Fortunately for today’s teen girls, there are plenty of individuals and organizations working to change dominant messages about girlhood and to teach girls that their voices and ideas are important. As a slew of women writers tell stories of girls and girlhood in their poetry, fiction, memoirs and more, organizations like Girls Write Now, WritersCorps, and Urban Word NYC are working on a grassroots level to actively arm the next generation of women writers with the tools to write their own stories, in their own words, one girl poet/girl journalist/girl novelist/girl comic/girl memoirist/girl ad infinitum at a time.
Founded in 1998 by Maya Nussbaum, New York City’s Girls Write Now is the first organization in the country to combine writing-specific instruction with mentoring in an all-girls program. Female students from NYC public high schools are each paired with a woman writer/mentor, with whom they meet once a week, and they also attend monthly workshops that are each focused on a different genre. The girls end each year with a series of public readings and a bound anthology of their work, and 100 percent of the girls go on to attend college—a pretty incredible accomplishment. I was a mentor for one year and had the great privilege of working with a brilliant 17-year-old musician, poet, and aspiring music journalist.
Sitting in Girls Write Now’s monthly weekend workshops, surrounded by women writers of different ages and backgrounds sharing their writing, and inevitably a lot of laughter, over bagels and coffee, the sense of community is palpable. The girls get a chance to hear from professional guest writers in a variety of fields—last years’ workshops featured comedian Megan Neuringer, reporter Marian Wang, and poet Kristin Prevallet, to name a few. The mentees performed their own comedy sketches, wrote haibuns about their neighborhoods, and took their stab at science fiction—effectively demonstrating that any genre is approachable and no writing experiment is out of their league—because they are writers.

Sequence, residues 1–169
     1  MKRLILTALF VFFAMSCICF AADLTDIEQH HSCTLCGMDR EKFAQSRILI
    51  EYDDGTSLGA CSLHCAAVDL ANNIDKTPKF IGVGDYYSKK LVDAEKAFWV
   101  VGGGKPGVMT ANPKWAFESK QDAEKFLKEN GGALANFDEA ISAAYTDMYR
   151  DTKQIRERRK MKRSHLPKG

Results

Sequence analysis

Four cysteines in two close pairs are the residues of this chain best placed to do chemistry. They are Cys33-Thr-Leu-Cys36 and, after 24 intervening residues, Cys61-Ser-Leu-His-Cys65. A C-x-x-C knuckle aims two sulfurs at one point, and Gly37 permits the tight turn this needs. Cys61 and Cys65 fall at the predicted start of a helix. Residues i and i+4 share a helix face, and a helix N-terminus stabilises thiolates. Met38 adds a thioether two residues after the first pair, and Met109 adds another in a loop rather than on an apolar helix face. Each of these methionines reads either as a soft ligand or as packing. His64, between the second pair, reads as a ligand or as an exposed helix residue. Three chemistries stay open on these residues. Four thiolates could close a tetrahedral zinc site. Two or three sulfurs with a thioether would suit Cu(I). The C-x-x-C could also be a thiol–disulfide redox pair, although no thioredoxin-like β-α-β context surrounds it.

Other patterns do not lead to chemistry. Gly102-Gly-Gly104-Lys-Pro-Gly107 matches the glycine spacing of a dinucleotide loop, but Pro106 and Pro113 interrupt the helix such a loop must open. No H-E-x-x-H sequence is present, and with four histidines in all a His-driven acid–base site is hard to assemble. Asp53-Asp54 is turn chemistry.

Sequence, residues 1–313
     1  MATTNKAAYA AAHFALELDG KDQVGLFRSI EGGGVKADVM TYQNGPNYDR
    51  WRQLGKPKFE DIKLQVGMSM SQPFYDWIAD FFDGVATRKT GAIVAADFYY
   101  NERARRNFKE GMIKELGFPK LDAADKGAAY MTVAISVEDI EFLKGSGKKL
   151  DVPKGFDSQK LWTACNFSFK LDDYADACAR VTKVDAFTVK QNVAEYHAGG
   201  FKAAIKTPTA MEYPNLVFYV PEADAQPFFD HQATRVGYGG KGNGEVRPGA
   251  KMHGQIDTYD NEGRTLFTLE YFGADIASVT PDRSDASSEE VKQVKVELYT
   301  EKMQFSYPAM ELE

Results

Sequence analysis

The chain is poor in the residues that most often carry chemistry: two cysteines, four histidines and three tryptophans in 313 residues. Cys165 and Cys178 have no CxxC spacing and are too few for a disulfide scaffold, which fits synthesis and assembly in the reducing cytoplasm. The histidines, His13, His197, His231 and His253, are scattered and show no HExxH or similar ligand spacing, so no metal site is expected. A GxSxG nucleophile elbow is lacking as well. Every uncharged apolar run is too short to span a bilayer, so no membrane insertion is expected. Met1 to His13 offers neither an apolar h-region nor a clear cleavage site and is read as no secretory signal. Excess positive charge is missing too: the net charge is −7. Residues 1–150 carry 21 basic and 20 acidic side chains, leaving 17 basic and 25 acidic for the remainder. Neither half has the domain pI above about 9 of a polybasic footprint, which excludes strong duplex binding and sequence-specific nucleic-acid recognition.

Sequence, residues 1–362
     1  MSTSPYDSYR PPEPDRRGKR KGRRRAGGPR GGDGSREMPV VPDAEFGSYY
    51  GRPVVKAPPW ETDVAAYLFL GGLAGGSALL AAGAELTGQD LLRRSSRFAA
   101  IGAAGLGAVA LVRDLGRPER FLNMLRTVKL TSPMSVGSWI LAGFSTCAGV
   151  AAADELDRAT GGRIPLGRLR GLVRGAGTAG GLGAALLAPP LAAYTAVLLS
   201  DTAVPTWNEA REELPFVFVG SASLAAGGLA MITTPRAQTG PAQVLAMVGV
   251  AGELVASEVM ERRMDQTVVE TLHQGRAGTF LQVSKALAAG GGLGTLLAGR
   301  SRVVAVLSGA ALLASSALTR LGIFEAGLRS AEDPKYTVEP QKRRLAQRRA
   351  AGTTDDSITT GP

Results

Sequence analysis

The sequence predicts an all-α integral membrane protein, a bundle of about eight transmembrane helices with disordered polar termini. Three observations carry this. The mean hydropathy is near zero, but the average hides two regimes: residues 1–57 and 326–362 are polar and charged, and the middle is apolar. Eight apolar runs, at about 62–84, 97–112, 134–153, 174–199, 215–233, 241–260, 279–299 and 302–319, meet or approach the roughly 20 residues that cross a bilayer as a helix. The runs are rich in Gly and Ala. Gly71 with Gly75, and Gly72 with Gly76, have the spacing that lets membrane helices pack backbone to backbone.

While Girls Write Now is aimed at teen girls specifically, a number of co-ed organizations in the country also offer programs for girls. Founded in San Francisco—but part of a national alliance with sibling organizations in New York and DC—WritersCorps is well known for bringing creative writing programming to public schools and community organizations since its inception in 1994. Over the past few years, the San Francisco branch has developed two all-girls sites, one at Oasis for Girls—a local youth development organization—and another at Hilltop, a school for pregnant and parenting teens. According to Minna Dubin, a memoirist and a teaching artist at Hilltop School, sharing their stories in an all-girl setting gives her students the opportunity to connect with one another, replacing the animosity and insecurity that so often exists amongst young women with a more positive sense of solidarity. With the Hilltop population in particular, the classes offer an environment where the girls can focus on themselves, rather than on their children and other responsibilities. Students work on everything from poetry and memoirs to monologues and media literacy, creating a space where their voices are encouraged and their ideas are celebrated.